Embracing the Culture of Change in the Lodging Industry
By Steven Belmonte CEO, Vimana Franchise Systems LLC | October 28, 2008
When I started in the lodging industry more than 30 years ago at the age of 18 as the youngest general manager of a Holiday Inn, it was generally believed that the road to the franchising ivory tower was the straight and narrow. And at the time, that was probably true - as there were fewer big name hotels around, the travel industry was not as robust as it today, and the concept of capitalism had not reached global proportions of the 21st century. Franchising, in those days, was a new concept and was cautiously and steadily making the American dream a reality for young entrepreneurs.
While the lodging industry is not a new industry (after all, history has it that a very pregnant Mary and her husband, Joseph, needed to book a room at an inn back in the days), it is one of the originators that ushered in the concept of franchising. A franchise, by definition, is "a business established or operated under an authorization to sell or distribute a company's goods or services in a particular area." In essence, the franchisee is granted the privilege to attach itself to a brand's good reputation, name, and national recognition in efforts to garner better business in its local territory. For a large majority of people who decide to enter the franchising business, having a nationally, and even internationally- known brand behind them offers a sense of security. While franchising in the lodging sector has provided hotel owners with the security of managing a well-known brand, it has also provided consumers with a sense of familiarity and comfort while traveling.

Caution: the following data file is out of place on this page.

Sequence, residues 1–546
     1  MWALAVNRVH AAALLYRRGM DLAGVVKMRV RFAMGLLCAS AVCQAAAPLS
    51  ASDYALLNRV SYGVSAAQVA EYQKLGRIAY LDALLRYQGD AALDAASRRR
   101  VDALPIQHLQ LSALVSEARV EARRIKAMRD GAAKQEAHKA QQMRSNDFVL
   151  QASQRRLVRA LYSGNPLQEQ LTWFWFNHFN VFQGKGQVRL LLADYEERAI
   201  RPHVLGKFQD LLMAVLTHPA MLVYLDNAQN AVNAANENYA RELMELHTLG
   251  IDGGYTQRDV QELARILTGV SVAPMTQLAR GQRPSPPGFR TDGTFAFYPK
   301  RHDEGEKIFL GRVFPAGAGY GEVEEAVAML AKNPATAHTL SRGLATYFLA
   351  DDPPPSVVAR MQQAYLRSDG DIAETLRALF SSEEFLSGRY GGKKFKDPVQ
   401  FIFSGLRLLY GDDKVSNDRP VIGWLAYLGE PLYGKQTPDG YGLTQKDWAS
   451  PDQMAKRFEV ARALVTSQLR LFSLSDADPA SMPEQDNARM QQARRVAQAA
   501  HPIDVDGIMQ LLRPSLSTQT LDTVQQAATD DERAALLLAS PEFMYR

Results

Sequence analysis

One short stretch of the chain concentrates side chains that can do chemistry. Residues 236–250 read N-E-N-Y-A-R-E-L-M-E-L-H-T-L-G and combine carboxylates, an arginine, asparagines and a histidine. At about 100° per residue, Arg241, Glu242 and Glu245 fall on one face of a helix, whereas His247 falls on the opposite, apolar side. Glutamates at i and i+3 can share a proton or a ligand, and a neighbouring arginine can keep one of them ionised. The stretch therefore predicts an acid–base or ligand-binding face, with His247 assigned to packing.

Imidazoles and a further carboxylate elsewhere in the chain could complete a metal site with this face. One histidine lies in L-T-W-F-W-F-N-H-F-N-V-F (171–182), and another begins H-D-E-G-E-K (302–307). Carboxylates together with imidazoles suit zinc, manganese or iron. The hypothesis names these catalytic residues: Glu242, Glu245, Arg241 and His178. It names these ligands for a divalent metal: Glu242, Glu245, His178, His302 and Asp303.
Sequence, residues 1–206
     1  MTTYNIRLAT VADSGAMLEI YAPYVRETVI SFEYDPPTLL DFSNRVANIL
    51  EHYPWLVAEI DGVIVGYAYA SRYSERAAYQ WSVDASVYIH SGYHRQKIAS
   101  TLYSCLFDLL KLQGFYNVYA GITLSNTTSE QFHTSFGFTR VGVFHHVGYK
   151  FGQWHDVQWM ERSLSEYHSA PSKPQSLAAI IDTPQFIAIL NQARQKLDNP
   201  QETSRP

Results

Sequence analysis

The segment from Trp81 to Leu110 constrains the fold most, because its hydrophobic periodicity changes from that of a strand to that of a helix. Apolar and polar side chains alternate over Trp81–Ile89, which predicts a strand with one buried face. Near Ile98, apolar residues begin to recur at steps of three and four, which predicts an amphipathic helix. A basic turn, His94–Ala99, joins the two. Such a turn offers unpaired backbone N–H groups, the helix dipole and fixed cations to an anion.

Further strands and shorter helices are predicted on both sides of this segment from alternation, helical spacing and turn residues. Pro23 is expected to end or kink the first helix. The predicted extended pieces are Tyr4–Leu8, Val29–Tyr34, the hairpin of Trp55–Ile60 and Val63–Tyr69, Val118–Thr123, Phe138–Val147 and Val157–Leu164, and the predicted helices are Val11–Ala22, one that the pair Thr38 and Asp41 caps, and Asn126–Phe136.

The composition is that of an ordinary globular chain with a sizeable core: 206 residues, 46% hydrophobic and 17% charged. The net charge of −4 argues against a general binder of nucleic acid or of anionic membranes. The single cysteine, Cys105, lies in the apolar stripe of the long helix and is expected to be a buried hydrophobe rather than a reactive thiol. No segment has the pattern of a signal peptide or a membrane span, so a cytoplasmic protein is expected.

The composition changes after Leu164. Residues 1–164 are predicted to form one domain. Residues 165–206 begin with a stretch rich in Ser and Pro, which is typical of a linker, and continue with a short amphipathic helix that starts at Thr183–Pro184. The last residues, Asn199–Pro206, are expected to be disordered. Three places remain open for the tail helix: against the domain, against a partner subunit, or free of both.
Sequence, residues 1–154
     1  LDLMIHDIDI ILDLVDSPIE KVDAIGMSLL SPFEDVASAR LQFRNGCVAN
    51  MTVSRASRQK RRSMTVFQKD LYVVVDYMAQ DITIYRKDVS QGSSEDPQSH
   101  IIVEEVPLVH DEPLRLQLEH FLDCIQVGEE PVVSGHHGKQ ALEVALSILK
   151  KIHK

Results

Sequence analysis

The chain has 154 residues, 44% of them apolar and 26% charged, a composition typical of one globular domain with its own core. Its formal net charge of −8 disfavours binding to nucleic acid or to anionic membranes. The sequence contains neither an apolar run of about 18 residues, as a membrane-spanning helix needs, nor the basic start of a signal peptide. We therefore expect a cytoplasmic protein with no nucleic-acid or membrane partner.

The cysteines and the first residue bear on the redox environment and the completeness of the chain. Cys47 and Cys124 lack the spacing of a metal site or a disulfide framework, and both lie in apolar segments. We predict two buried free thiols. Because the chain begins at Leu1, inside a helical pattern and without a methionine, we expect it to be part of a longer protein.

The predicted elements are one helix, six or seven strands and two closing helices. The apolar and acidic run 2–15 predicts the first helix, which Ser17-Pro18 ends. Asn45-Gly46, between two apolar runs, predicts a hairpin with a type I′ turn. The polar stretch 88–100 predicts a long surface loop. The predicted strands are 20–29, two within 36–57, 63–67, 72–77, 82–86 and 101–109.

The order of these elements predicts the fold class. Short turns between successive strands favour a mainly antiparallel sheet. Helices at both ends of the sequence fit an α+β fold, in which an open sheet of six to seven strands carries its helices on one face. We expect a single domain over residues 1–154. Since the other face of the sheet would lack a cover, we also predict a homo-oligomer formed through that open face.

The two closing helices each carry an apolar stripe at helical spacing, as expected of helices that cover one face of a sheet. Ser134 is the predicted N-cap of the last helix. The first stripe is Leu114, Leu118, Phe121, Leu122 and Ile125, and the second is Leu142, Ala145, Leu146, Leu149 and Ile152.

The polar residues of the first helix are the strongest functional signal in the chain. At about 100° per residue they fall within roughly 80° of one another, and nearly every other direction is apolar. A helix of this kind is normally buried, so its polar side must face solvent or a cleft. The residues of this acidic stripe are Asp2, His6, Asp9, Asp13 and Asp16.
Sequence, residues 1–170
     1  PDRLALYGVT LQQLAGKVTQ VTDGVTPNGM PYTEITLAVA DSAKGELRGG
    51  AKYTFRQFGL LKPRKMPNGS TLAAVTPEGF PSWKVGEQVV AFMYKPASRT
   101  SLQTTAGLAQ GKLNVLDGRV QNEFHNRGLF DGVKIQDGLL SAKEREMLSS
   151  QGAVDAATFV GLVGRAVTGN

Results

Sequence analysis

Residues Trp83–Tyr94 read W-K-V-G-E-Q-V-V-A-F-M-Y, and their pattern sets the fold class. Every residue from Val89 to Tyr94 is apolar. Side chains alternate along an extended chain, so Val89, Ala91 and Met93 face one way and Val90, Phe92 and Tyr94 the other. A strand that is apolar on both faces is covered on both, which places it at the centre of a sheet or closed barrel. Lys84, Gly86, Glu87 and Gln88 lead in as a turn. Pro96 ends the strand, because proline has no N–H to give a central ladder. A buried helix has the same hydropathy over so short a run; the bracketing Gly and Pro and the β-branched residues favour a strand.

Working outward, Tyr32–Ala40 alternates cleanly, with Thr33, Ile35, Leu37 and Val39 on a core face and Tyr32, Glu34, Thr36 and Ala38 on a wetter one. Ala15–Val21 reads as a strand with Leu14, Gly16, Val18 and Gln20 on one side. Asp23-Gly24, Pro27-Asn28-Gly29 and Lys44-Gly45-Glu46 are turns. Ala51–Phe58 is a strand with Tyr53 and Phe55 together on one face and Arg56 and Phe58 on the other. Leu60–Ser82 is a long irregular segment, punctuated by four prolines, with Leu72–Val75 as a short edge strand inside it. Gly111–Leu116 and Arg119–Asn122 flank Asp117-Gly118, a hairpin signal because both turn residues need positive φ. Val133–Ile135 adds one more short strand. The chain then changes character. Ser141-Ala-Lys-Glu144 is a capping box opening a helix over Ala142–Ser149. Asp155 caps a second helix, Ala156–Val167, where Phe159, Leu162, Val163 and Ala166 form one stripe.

However, in recent years, with the expansion of global business travel as well as a shift in leisure activities in which people are incorporating more vacation travel into their plans, the lodging sector has been feeling the pressure to meet the evolving demands of its guests and to change with the times.
Fast becoming a thing of the past is the simple demand for a room and a bed. In today's highly competitive market, hotels are vying to not only get a jumpstart on the latest trends but to offer the conveniences of home to their guests - such as late check-out, free newspapers, high-speed Internet access, free continental breakfast, comfortable bedding, name brand soaps and shampoos, game and video consoles, business and fitness centers, and frequent guest loyalty programs.
These offerings have started to place a squeeze on many franchisees. In order to keep up with the market demands and stay competitive, franchisors are requiring franchisees to pay for the changes in the industry - thus taking a big bite out of the entrepreneurial dream of being able to own a business and earn a living.
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